Source: NYT - February 8, 2020 Category: American Health Authors: Denise Grady Tags: Coronavirus (2019-nCoV) Wuhan (China) Epidemics Hospitals SARS (Severe Acute Respiratory Syndrome) MERS (Middle East Respiratory Syndrome) Viruses Journal of the American Medical Assn super-spreaders your-feed-healthcare Source Type: news

The Coronavirus Outbreak Should Bring Out the Best in Humanity
Pandemics are perversely democratic. They’re nasty, lethal and sneaky, but they don’t discriminate. No matter your age, ethnicity, religion, gender, or nation, you’re a part of the pathogenic constituency. That shared vulnerability, and the resulting human collectivism—a universal response to a universal threat—is newly and vividly evident in the face of the now-global outbreak of the novel coronavirus known as 2019-nCoV. As of writing, there have been over 30,000 diagnosed cases and over 630 related deaths. A virus that emerged in a single city, Wuhan, China—indeed, in a single crowded ...
Source: TIME: Health - February 8, 2020 Category: Consumer Health News Authors: Jeffrey Kluger Tags: Uncategorized 2019-nCoV Infectious Disease Source Type: news

New Report on 138 Coronavirus Cases Reveals Disturbing Details
A highly contagious patient, virus transmission inside a hospital and unexpected turns for the worse have emerged as part of the epidemic in China. (Source: NYT)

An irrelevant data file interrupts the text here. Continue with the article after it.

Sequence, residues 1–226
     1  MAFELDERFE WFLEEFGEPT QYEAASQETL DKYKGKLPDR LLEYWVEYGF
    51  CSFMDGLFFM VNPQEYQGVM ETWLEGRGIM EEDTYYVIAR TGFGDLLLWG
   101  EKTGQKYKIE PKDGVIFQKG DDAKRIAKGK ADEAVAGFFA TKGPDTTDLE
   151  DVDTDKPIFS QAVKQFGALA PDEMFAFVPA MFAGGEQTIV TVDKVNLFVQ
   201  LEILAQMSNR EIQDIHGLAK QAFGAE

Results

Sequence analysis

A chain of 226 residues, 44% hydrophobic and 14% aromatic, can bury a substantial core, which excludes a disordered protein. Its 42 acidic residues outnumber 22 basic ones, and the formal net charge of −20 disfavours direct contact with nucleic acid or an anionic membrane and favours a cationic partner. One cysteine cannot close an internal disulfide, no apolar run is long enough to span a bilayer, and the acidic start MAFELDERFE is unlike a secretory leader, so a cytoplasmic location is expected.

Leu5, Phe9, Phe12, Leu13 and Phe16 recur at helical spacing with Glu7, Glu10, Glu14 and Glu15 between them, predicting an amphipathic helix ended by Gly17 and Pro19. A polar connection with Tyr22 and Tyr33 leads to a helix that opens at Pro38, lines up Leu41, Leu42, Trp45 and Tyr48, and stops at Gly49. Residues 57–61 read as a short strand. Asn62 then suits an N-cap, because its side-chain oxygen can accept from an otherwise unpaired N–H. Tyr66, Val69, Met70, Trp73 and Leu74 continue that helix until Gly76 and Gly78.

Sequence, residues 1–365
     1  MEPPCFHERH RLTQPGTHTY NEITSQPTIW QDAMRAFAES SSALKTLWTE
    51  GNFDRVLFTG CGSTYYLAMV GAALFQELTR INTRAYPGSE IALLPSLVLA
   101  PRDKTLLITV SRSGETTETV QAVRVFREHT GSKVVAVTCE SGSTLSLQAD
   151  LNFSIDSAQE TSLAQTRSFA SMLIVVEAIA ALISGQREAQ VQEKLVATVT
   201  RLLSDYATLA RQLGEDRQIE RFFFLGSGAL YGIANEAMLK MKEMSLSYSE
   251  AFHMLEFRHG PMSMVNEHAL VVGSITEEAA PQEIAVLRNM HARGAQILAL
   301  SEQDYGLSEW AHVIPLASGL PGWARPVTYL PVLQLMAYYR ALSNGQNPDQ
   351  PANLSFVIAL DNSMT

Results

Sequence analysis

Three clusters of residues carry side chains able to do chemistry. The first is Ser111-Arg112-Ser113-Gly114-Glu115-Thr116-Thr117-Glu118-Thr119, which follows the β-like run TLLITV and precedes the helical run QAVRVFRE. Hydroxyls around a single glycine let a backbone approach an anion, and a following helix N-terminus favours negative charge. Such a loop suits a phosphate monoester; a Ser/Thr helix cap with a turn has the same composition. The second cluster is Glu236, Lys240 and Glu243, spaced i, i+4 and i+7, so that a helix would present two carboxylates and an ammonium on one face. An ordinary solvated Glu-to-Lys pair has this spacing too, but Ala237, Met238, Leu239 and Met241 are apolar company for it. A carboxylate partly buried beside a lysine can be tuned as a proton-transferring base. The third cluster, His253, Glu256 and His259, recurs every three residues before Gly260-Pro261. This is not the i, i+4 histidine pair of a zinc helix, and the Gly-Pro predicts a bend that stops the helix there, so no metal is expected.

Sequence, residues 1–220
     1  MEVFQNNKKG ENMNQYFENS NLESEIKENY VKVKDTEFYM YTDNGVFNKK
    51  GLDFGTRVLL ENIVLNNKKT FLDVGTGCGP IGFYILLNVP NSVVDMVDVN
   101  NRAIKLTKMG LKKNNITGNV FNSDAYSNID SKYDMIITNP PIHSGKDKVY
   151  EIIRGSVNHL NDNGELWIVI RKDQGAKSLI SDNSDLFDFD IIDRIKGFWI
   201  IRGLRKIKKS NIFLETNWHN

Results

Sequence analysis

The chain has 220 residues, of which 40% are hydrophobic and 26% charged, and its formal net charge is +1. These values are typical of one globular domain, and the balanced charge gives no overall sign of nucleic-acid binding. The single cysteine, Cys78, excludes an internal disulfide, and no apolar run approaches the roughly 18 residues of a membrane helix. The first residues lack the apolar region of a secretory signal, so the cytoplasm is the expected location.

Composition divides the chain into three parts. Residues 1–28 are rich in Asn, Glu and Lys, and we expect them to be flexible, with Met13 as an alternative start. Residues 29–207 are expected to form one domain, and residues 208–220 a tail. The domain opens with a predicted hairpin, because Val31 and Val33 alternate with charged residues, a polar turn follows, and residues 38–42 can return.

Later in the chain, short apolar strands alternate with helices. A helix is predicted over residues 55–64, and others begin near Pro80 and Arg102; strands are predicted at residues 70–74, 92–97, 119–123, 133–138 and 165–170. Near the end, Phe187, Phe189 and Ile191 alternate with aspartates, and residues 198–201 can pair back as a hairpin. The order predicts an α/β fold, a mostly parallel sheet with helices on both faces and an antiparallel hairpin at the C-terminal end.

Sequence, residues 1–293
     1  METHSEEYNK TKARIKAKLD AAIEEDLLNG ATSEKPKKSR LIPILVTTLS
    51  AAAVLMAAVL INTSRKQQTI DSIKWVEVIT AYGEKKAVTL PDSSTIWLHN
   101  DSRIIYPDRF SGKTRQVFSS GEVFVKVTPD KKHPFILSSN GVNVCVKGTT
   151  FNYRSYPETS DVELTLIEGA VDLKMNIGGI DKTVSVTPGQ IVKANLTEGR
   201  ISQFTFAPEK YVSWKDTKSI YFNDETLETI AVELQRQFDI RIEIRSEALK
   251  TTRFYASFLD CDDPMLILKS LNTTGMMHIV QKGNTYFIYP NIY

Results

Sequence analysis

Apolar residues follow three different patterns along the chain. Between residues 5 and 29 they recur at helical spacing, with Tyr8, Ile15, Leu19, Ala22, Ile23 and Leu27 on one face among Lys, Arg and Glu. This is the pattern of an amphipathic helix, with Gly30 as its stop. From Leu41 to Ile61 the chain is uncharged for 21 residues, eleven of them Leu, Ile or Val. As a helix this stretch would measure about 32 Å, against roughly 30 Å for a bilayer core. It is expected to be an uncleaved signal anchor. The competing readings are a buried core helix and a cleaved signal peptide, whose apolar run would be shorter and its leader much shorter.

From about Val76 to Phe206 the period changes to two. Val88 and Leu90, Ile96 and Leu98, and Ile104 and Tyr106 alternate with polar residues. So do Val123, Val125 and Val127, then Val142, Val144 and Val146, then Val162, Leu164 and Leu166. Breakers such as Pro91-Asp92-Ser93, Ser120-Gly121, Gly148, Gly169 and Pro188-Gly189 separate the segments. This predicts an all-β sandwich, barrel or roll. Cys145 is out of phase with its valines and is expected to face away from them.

Source: NYT - February 8, 2020 Category: American Health Authors: Denise Grady Tags: Coronavirus (2019-nCoV) Wuhan (China) super-spreaders Hospitals SARS (Severe Acute Respiratory Syndrome) MERS (Middle East Respiratory Syndrome) Viruses Journal of the American Medical Assn your-feed-healthcare Source Type: news

New Human Coronavirus Closely Related to Bat-Derived Coronaviruses New Human Coronavirus Closely Related to Bat-Derived Coronaviruses
The new human coronavirus responsible for the current outbreak is closely related to two bat-derived coronaviruses and distinct from the coronaviruses responsible for severe acute respiratory syndrome (SARS) and Middle East respiratory syndrome (MERS), researchers report.Reuters Health Information (Source: Medscape Critical Care Headlines)
Source: Medscape Critical Care Headlines - February 6, 2020 Category: Intensive Care Tags: Infectious Diseases News Source Type: news

Why the New Coronavirus (Mostly) Spares Children
So far, very few young children seem to be falling ill. The pattern was seen in outbreaks of SARS and MERS, too. (Source: NYT Health)
Source: NYT Health - February 6, 2020 Category: Consumer Health News Authors: Apoorva Mandavilli Tags: Coronavirus (2019-nCoV) SARS (Severe Acute Respiratory Syndrome) Epidemics MERS (Middle East Respiratory Syndrome) Children and Childhood Deaths (Fatalities) Centers for Disease Control and Prevention China Source Type: news

Red Book 2018: Chapter: Coronaviruses, Including SARS and MERS
Source: American Academy of Pediatrics (AAP). Published: 2/5/2020. This chapter from Red Book 2018 provides information about coronaviruses, including severe acute respiratory syndrome (SARS) and Middle East respiratory syndrome (MERS). It discusses clinical manifestations, etiology, epidemiology, diagnostic tests, treatment, isolation of the hospitalized patient, and control measures, and provides images. Information about 2019-nCoV was added in February 2020. (Text) (Source: Disaster Lit: Resource Guide for Disaster Medicine and Public Health)